The Fort Center Mounds archaeological site was the first ancient Native American community near Lake Okeechobee to be studied thoroughly by contemporary, professional archaeologists. It was the last major archaeological project for Archaeologist, William Sears. 1Memorial for William Hulse Sears (1909-1996) Society for American Archaeology. For at least two decades, many of Sears’ peers dismissed his interpretation of the site as being “off the wall” and considered him a kook. However, in recent decades work by other archeologists have confirmed his interpretation and pushed back the occupation of Fort Center even further.

One of the most unusual examples of Native American architecture ever created was a mortuary complex at Fort Center, constructed around 200 AD. From the complexity and uniqueness of the complex, it is clear that it was “designed” and built according to the plans. The temple compound included a chevron-shaped earthen berm with rounded ends, a terrace for elite residences, a pond, a “sacred garden” for growing corn, a wooden platform for funerals, a conical mound veneered with shells imported from the coast, and a mortuary temple for cremating human remains.

The Temple’s Architecture

Perspective of Fort Center Mortuary Temple

Perspective of Fort Center Mortuary Temple

The Fort Center Mortuary Complex, also known as Mound A, had an overall form in its final stage, which was highly unusual for all indigenous cultures in the Western Hemisphere. It can be described roughly as a chevron shape with rounded ends. 2Sears, William H. (1994). Fort Center: an Archaeological Site in the Lake Okeechobee Basin. Gainesville, Florida: University Press of Florida; p. 146. The cultural significance of this shape is not known at this time. The complex seems to have originated as a house site or small burial mound. Then the chevron-shaped raised cultivation bed was created. It was surrounded by an earth berm, approximately 15-20 feet high. The purpose of the earth berm seems to have been to screen activities within the complex from public view. Over time a large conical burial mound developed at the apex of the chevron. Each stage was veneered with crushed shells transported inland from the ocean. The final stage of the earth sculpturing was the creation on one wing of the chevron, of a terrace on which elite housing was constructed.

Southeastern archaeologists tend to not think of Southeastern Native Americans as being skilled wood workers; mainly because so few wooden artifacts and art remain today. However, the tannic acid and anaerobic conditions in the peat at Fort Center preserved many carved wooden architectural details and art. Inside the Fort Center Mortuary Complex, Archaeologist William Sears found the location of the ceremonial pond. 3Sears, William H. (1994). Fort Center: an Archaeological Site in the Lake Okeechobee Basin. Gainesville, Florida: University Press of Florida; p. 147. Substantial evidence of both sophisticated wooden architecture and finely carved wooden objects of art, were discovered in the peat of the former pond.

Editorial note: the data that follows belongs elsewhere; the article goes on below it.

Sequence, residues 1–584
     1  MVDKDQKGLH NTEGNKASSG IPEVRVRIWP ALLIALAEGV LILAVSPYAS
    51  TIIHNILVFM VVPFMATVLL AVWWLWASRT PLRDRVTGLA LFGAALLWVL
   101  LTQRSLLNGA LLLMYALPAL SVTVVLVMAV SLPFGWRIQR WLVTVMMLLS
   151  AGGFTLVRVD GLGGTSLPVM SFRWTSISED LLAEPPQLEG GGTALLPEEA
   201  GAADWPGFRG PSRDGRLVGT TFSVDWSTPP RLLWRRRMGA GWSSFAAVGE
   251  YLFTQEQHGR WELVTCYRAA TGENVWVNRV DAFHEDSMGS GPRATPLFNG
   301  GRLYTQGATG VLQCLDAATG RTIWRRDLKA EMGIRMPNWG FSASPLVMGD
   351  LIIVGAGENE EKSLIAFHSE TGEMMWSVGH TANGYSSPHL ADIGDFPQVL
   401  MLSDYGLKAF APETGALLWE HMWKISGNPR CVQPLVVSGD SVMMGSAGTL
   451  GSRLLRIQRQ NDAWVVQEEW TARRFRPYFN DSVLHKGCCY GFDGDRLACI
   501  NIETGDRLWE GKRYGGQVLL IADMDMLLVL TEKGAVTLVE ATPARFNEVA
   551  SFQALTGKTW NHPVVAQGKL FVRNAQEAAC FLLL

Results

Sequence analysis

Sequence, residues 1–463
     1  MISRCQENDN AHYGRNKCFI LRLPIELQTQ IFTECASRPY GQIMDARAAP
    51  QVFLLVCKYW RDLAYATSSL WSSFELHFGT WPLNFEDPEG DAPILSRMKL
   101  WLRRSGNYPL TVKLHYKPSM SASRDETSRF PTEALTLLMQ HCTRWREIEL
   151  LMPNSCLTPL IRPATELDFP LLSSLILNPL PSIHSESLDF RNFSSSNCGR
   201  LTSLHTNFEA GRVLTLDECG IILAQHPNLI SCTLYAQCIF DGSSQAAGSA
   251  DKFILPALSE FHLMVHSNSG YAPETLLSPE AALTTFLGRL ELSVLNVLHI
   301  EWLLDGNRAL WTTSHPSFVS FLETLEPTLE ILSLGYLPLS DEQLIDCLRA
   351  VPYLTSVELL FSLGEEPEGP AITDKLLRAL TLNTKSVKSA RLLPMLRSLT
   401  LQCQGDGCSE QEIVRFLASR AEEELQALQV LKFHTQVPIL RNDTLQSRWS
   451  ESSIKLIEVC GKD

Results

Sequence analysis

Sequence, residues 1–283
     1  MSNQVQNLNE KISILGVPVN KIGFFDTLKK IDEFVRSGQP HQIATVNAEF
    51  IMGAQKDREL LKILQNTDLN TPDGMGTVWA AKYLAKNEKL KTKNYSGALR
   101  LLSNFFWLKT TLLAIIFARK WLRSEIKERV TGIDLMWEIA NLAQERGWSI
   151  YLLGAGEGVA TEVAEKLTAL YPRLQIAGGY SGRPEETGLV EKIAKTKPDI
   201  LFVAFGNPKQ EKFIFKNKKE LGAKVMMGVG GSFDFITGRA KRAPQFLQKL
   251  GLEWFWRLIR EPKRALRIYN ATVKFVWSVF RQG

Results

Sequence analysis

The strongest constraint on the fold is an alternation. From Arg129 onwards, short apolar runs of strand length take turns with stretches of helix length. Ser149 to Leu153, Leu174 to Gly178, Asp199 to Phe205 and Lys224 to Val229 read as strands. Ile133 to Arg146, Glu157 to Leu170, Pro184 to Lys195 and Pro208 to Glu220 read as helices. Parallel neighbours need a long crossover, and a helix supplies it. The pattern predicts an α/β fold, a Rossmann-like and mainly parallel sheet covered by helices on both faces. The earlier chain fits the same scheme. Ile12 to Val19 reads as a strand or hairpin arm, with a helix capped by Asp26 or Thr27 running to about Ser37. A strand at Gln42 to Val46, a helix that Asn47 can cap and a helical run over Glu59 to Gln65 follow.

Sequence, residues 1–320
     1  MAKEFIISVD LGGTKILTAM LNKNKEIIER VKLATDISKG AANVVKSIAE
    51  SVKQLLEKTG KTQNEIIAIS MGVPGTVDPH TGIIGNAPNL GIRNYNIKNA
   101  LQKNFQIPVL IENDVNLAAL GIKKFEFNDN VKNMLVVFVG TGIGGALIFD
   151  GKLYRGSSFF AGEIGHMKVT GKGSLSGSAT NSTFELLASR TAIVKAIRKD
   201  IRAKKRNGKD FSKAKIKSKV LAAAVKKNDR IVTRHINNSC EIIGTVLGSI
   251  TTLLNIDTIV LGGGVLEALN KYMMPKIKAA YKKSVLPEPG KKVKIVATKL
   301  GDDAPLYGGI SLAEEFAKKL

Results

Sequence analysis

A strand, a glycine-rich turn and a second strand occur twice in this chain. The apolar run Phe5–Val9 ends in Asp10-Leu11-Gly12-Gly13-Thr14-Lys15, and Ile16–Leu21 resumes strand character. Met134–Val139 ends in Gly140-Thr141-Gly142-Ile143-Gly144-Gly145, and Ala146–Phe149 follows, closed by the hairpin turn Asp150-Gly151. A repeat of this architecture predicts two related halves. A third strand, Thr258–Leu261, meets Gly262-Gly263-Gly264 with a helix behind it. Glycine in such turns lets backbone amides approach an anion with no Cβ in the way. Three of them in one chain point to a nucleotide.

A frontal view of Fort Center Mortuary

A frontal view of Fort Center Mortuary

A semi-circular wooden platform, edged with carved wooden herons, was constructed in the pond. 4Sears, William H. (1994). Fort Center: an Archaeological Site in the Lake Okeechobee Basin. Gainesville, Florida: University Press of Florida; p. 147. However, its orientation was 180 degrees opposite that of the crescent-shaped pond. Crescent shaped mounds and pools are normally associated with the Chontal Maya people of Mexico in their worship of the goddess, Ix-Chel. {See later discussion on this.] She was originally the goddess of the rainbow, but later became associated with the New Moon and human fertility. The crescent shape of Chontal Maya temple mounds was symbolic of both the rainbow and the new moon.

Obviously, there must have been some ritual reason for this visual contradiction, but it is not known. There was a raised plankway leading to the platform. Their forms were quite similar to wooden birds found at Key Marco on the Florida Gulf Coast. However, the Fort Center mortuary complex was constructed about 500 years before the final stage of the Key Marco platform village.

Apparently, the mortuary temple on top of the conical burial mounds was framed with wood timbers and used as a crematory. The actual appearance of this temple is speculative, because little remained but the humus in the post holes and the cremation hearth.

The houses on the domestic terrace were much larger and soundly constructed than typical houses at the Fort Center site. 5Sears, William H. (1994). Fort Center: an Archaeological Site in the Lake Okeechobee Basin. Gainesville, Florida: University Press of Florida; p. 143. All that remains of them are post holes, hearths and the detritus of daily living.

The Ceremonial Pond

Fort Center Mortuary Temple Site Plan

Fort Center Mortuary Temple Site Plan

A crescent-shaped pond was created at the base of the burial mound. Crescent shaped mounds and ponds are common architectural features of Lake Okeechobee towns. The crescent and semi-circle were symbols of the Maya Moon Goddess, Ixchel. She was the favorite deity of the Chontal Maya’s, who originated in the sweltering lowlands of Tabasco, Mexico. They were related to the Itza Maya of the Lake Atitlan region in the Guatemala Highlands.